Using only pipe organs, the trio of Sandra Boss, Jonas Olesen, and Anders Lauge Meldgaard create a world built on whimsy and air. Using a set of modified (and midified – or MIDIfied rather) pipe organs, Boss, Oleseon, and Meldgaard assemble a reticulated universe where endless possibilities are borne from a simple, deconstructed instrument. By using small, portable organs, the trio unlocks new, countless facets where small worlds of sound can grow.
With a diverse array of sonic components floating through every layer of SOL OP, I am most taken by the animal-like sounds. Birds chirp on rolling beds of dancing tones on “Fuglene.” There’s an aqueous sensibility to the rippling cascade of notes moving in concentric circles around the underlying hollow drones. This is one of the many surprising timbres the trio employs throughout SOL OP. By using every aspect of the organs – from the airblower system itself to various mechanical pieces of the organ and the incorporation of MIDI-control – the potential to push into every plane of sound these organs can offer becomes a reality.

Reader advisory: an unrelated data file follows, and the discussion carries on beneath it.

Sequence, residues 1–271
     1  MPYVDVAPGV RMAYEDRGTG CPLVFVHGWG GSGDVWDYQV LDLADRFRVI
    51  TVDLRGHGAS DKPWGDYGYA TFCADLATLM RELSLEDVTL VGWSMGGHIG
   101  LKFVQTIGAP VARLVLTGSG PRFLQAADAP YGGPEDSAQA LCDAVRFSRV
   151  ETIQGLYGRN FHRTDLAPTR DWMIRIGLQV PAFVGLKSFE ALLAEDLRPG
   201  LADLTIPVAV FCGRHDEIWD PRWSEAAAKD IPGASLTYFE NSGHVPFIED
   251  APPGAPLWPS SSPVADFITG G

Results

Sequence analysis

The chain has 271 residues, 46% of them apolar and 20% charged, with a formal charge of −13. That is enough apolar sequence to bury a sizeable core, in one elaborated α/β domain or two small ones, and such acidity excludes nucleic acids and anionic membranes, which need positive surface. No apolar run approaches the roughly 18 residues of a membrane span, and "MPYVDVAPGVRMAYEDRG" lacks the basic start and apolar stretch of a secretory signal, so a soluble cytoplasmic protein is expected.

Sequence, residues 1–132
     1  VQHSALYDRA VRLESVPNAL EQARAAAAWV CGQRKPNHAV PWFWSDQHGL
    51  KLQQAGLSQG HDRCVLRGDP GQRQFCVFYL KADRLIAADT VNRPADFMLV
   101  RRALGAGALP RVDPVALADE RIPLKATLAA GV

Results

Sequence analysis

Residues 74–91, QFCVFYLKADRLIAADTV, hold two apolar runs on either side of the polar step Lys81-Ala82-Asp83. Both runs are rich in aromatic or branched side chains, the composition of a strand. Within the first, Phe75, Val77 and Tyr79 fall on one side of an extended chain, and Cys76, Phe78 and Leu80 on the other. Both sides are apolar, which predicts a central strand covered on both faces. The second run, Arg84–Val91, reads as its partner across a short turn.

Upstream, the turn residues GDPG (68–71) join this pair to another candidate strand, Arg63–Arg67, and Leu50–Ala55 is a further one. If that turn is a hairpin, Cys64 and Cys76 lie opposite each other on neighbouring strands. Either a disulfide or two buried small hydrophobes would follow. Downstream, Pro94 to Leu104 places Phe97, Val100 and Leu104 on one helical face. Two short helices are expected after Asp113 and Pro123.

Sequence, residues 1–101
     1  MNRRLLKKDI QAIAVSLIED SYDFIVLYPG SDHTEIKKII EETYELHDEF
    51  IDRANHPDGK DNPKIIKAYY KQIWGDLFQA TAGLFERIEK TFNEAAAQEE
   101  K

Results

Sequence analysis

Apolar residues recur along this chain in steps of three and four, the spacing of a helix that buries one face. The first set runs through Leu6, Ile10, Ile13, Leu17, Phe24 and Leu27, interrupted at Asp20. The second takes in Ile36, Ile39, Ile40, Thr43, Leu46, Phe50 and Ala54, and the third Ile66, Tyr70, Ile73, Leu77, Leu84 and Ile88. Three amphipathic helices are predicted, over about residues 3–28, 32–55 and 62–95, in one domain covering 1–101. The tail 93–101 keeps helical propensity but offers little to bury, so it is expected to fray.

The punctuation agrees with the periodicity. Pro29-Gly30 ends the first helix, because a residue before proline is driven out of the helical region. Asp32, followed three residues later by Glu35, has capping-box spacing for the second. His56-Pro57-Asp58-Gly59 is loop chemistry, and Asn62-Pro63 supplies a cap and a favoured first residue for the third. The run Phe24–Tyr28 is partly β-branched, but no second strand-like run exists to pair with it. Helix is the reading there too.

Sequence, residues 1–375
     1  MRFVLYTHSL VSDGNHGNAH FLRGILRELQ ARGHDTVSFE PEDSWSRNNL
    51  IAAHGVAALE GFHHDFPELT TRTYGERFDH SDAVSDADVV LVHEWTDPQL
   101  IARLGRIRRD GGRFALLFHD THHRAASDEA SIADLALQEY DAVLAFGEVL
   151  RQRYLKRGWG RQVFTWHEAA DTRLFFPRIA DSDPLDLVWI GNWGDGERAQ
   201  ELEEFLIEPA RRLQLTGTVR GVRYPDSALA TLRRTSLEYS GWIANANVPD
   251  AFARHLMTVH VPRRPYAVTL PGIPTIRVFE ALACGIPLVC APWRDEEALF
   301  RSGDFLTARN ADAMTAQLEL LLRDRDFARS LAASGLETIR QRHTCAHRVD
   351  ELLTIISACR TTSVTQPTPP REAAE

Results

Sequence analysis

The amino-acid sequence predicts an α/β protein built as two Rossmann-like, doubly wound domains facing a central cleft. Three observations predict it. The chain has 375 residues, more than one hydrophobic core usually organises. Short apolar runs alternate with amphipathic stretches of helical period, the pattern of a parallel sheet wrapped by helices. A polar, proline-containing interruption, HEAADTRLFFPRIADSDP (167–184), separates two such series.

The animalistic sounds continue throughout SOL OP. Rhythmic guttural muttering gives “Maskinerne” a tactile backbone. Higher-pitched shapes glisten like light refracting through water-filled glasses, the quick pace of the repetitions mimicking a hummingbird’s wings. Owls serenade the moon in a midnight chorus on “Skovene,” the different textures all moving in conjunction to give the piece an upward sense of motion. It’s mesmerizing.
Even in the tenuous stretches where stretched tones seem stuck in mid-air, like opener “Sol Op,” the elongated passages are rife with tension and playfulness. When one organ slides upward across the howling arrangements in the distance, the dichotomy is interesting and fun. Though the piece eventually settles into a more contemplative zone, the gamut of sentiments adds to its beguiling nature. “Vindene” operates in a similar fashion, though I can’t help but imagine a world where trains have conversations and in this instance, they’re plainly annoyed, but the trio builds these pieces with these original viewpoints and structures that I want to know everything about every note, every arrangement.
SOL OP is an exhibition of taking an instrument and finding its perceived limits of it and then pushing further. There are so many elements across SOL OP that sound unlike anything I’ve ever heard from a pipe organ. Even more, the way Boss, Olesen, and Meldgaard combine those sounds with the more familiar whirrs and whispers elevates this music to something truly special.